Darren Chan Chan din Siwanirural, Haryana, India
Emily locuiește pe o barcă de casă cu mama ei, deși nu a înotat niciodată și nu a făcut niciodată baie (hmm), iar mama ei nu vorbește niciodată despre tatăl ei. În timp ce ia lecții de înot pentru prima dată în școală, Emily își simte picioarele înțepenindu-se. Știa puțin, este o sirenă! Sau mai degrabă, pe jumătate umană, pe jumătate sirenă, aceasta din urmă apărând când este scufundată în apă. Această descoperire duce la o aventură o duce pe Emily într-o lume cu totul nouă sub apă, unde întâlnește noi prieteni și află adevărul despre începuturile și părinții ei. Aceasta a fost o poveste drăguță! Părțile de început au fost puțin lente, dar odată ce Emily a intrat în morfing într-o sirenă, povestea se ridică și devine interesantă, deși am întrebări logistice despre a deveni o sirenă de la om. (Deci ... poartă un costum de baie și fundul tocmai se dezintegrează?) Dar aceasta a fost o poveste minunată și amuzantă pentru iubitorii de fantezie (poate cărțile de zână?)
The story was very well-written, but I found some of the basic assumptions that were required to make the plotline work dubious at best. If there were that many parallel universes involved, and tiny, but noticable differences appeared just from one to the next, it seems to me that there would be much more noticable, much more significant changes by the time you got to universe 2410. Therefore, the various "Janeways", "Chakotays", etc, would come up with much more varied responses than these did; they were so identical that they made the same decisions in every single case. Surely in some cases, there would have been an away team sent to the planet, and in other cases, not. In some cases, the away team would have varied just a tad, it wouldn't necessarily have icluded the same four people every time; maybe sometimes, Janeway would have gone herself, rather than send Chakotay. In others, maybe Paris would have been busy with other things, or would have been a touch under the weather. Maybe in some cases, Tuvok would have been sent instead of Kes. There are plenty of variables in such a decision; there's no reason to think that the same decision would be made in every single parallel universe. Certainly, when the situation was different, different decisions might be made, so we might have had different (or non-existent) away teams when there was a populated planet, and when there was a ghost planet. I also find it somewhat dubious, for the same reason, that in every single universe, they came up with the same solution. Maybe there wasn't a better solution available, but surely, in some cases, they would have failed to come up with that solution, and offered less-workable solutions. At the very least, in a parallel universe that differed so much from ours that in it, a planet that existed in our universe is rubble in the other, there might be more noticable differences, and in those realities even farther away than that (on the other side of that one) differences would begin to rapidly accumulate. As I say, the story was well-written, the concept interesting if dubious, the characterizations well-handled. I just have difficulty suspending disbelief sufficiently to swallow the basic plot concept.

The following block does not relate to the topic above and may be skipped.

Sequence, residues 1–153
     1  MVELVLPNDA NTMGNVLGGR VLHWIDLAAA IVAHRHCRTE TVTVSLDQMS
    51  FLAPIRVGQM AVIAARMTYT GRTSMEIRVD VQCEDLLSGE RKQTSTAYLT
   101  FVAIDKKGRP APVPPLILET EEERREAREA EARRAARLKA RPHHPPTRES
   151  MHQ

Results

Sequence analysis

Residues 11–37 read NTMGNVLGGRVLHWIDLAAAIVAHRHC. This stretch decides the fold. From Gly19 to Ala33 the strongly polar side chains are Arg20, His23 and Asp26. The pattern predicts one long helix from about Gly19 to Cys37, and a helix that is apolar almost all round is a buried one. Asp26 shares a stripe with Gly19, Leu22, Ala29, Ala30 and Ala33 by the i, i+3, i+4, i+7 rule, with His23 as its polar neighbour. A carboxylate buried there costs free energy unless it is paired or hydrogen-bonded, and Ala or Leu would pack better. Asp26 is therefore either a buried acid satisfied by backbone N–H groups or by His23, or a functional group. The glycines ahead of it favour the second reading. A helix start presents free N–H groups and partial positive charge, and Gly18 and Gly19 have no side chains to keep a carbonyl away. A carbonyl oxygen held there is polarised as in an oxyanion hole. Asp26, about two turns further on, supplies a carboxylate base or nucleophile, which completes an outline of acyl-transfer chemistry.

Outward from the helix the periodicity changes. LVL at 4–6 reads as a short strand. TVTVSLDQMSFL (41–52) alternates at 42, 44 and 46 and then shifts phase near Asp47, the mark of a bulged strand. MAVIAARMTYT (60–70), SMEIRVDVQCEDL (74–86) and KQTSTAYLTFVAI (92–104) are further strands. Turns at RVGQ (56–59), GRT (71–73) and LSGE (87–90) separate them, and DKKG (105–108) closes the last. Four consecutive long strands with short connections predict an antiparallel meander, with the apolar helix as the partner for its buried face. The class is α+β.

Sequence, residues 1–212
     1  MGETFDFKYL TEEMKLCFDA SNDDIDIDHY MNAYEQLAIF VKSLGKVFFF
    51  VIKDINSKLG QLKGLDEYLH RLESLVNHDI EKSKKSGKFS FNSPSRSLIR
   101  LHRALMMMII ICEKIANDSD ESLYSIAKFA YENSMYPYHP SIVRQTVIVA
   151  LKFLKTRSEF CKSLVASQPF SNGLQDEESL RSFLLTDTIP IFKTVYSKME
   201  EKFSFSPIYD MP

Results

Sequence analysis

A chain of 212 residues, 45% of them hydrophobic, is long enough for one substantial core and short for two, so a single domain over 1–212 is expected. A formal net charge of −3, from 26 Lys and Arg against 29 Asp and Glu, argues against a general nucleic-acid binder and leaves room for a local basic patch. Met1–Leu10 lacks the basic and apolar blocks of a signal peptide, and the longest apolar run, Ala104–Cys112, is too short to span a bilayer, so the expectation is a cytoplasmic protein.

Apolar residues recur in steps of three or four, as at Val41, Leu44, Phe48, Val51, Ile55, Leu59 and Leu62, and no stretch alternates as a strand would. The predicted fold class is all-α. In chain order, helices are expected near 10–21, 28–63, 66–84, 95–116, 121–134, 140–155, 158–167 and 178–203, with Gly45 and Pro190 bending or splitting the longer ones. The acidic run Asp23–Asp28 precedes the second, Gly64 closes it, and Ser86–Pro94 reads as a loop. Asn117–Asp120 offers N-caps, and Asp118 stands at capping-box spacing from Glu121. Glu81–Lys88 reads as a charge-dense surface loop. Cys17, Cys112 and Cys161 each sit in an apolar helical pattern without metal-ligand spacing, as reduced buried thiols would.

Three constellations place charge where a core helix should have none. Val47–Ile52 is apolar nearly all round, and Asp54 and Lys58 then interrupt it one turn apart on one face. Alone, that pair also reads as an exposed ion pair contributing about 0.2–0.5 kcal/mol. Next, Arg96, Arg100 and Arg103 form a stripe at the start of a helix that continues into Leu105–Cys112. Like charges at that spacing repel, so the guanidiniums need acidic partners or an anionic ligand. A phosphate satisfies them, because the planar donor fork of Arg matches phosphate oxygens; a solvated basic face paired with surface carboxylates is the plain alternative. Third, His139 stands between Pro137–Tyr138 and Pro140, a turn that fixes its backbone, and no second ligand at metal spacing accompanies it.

Funny, quick read.